Aalto University, School of Engineering, Department of Applied Mechanics.
    Sixta, Herbert
    Aalto University, Aalto University, School of Chemistry, Department of Forest Products Technology.
    Hummel, M
    Aalto University, School of Chemistry, Department of Forest Products Technolog.
    Skrifvars, Mikael
    University of Borås, Faculty of Textiles, Engineering and Business.
    Saarela, Olli
    Aalto University, School of Engineering, Department of Applied Mechanics.
    Advantages of regenerated cellulose fibres as compared to flax fibres in the processability and mechanical performance of thermoset composites2016In: Composites Part A: Applied Science and Manufacturing, ISSN 1359-835X, Vol. 84, p. 377-385Article in journal (Refereed)
    Abstract [en]

    Man-made cellulosic fibres (MMCFs) have attracted widespread interest as the next generation of fibre reinforced composite. However, most studies focused entirely on their performance on single fibre level and little attention has been paid to their behaviour on a larger application scale. In this study, MMCFs were utilized as reinforcement in unidirectionally (UD) manufactured thermoset composites and compared to several commercial UD flax fibre products. Specimens were prepared using a vacuum bag based resin infusion technique and the respective laminates characterized in terms of void fraction and mechanical properties. MMCF laminates had comparable or better mechanical performance when compared to flax fibre laminates. Failure mechanisms of MMCF laminates were noted to differ from those of flax-reinforced laminates. The results demonstrate the potential of MMCFs as a viable alternative to glass fibre for reinforcement on a larger scale of UD laminates. These results were utilized in the Biofore biomaterial demonstration vehicle.

  • 171.
    Seoane, Fernando
    et al.
    University of Borås, School of Engineering.
    Ferreira, Javier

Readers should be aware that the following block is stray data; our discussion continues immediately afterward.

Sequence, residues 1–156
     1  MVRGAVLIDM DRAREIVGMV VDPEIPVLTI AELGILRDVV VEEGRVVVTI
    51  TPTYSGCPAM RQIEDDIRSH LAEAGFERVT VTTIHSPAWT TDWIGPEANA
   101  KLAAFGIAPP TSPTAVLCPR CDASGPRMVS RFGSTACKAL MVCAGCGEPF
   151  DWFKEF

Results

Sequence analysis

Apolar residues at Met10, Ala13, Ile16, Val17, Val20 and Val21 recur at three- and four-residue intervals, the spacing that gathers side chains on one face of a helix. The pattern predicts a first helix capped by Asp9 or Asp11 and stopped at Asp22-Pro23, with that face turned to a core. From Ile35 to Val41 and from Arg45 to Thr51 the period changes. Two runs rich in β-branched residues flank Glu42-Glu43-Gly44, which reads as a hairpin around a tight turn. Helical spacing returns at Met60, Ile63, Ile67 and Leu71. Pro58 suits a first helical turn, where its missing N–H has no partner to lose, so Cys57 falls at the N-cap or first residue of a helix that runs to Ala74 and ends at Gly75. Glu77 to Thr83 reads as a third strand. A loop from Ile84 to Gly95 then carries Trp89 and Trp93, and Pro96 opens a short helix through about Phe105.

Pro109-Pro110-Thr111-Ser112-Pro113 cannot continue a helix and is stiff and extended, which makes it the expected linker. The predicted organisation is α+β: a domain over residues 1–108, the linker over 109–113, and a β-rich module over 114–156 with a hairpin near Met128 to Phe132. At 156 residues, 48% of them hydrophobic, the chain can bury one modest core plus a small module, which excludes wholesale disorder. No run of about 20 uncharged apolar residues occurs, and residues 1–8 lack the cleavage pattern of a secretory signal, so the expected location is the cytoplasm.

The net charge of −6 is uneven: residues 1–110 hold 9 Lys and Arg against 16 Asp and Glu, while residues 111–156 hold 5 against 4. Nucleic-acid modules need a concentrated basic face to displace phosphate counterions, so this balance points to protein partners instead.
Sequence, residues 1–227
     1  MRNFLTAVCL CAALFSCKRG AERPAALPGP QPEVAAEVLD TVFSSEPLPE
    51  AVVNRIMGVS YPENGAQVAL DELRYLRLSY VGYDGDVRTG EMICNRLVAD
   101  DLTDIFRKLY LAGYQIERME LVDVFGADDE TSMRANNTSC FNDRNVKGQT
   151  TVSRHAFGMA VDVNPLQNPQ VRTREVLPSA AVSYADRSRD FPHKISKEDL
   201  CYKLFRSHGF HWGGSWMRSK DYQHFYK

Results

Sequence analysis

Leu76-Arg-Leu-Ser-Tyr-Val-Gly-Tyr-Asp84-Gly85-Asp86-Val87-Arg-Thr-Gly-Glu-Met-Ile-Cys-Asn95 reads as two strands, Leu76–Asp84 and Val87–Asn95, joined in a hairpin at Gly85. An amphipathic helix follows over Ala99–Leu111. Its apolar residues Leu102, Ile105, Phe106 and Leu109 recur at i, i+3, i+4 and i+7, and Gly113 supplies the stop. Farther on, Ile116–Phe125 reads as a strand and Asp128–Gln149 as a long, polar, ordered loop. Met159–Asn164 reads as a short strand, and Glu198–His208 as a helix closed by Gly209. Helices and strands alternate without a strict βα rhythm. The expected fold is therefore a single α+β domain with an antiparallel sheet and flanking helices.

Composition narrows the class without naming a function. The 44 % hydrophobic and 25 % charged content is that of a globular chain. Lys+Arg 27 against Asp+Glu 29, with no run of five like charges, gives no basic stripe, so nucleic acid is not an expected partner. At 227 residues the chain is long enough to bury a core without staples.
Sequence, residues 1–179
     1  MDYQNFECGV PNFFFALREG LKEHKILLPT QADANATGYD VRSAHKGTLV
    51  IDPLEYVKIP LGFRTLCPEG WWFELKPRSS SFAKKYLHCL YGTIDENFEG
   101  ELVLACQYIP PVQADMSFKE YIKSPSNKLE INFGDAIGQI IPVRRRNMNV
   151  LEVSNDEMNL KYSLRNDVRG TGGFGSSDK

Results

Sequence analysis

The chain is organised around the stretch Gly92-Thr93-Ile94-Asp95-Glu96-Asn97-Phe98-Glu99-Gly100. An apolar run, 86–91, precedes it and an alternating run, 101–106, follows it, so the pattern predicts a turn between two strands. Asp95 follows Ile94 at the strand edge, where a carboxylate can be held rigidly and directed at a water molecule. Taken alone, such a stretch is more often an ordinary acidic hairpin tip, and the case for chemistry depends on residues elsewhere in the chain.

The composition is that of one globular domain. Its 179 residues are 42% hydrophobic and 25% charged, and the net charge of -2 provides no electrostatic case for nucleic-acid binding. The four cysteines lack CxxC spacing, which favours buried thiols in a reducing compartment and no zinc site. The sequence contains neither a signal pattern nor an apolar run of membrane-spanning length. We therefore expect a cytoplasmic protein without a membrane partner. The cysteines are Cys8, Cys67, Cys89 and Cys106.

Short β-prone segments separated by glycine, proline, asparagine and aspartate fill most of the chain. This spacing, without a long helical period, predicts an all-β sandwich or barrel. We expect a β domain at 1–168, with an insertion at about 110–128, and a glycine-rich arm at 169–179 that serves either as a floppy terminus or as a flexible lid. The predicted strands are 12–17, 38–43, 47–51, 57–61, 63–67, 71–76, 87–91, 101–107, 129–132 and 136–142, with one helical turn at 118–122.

University of Borås, School of Engineering.
    Marquez, Juan Carlos
    University of Borås, School of Engineering.
    Skrifvars, Mikael
    University of Borås, School of Engineering.
    Conductive Polymer Films as Textrodes for Biopotential Sensing2011Conference paper (Other academic)
    Abstract [en]

    Introduction: After several years of progresses in textile technology and wearable measurement instrumentation, applications of wearable textile-electronics systems are arising providing a stable background for commercial applications. So far, the available commercial solutions are centered on fitness applications and mostly based in the acquisition of heart rate through Textile Electrodes (Textrodes) based on metallic threads or on conductive rubber compounds. Methods and Materials: In this work a novel material approach is presented to produce Textrodes for acquisition of Electrocardiographic (ECG) signals using a conductive polypropylene (PP1386 from Premix, Finland) polymer material. The polymer was film extruded into thin films, and used as such in the Textrode. Conductive Polymer Films (CPF) have been used to produce Textrodes, and its measurement performance has been compared with the ECG signals obtained with commercial Textrode fabrics and conventional Ag/AgCl electrodes. In order to set up the same measurement conditions, a chest strap tailored to host the testing electrodes has been used. Results: The close resemblance of the ECG acquired with the textile fabric electrodes, the Ag/AgCl electrodes and the PP1386 CPF electrodes suggest that the Polymer Electrodes PP1386 are a feasible alternative to the current textile fabrics that use silver thread as conductive material and also to conductive rubber material. Discussion & Conclusion: The availability of the Conductive Polymer Electrode PP1386 in a film form allows the manufacturing of electrodes by conventional textile processes, like lamination or sewing, therefore facilitating the transition from lab prototyping to industrial manufacturing. Replacing the traditional silver thread as conductive element in the fabrication of Textrodes will definitely reduce the material cost per Textrode. Biocompatibility issues and manufacturability issues must be addressed but the exhibited functional performance is showing encouraging results.

  • 172.
    Seoane, Fernando
    et al.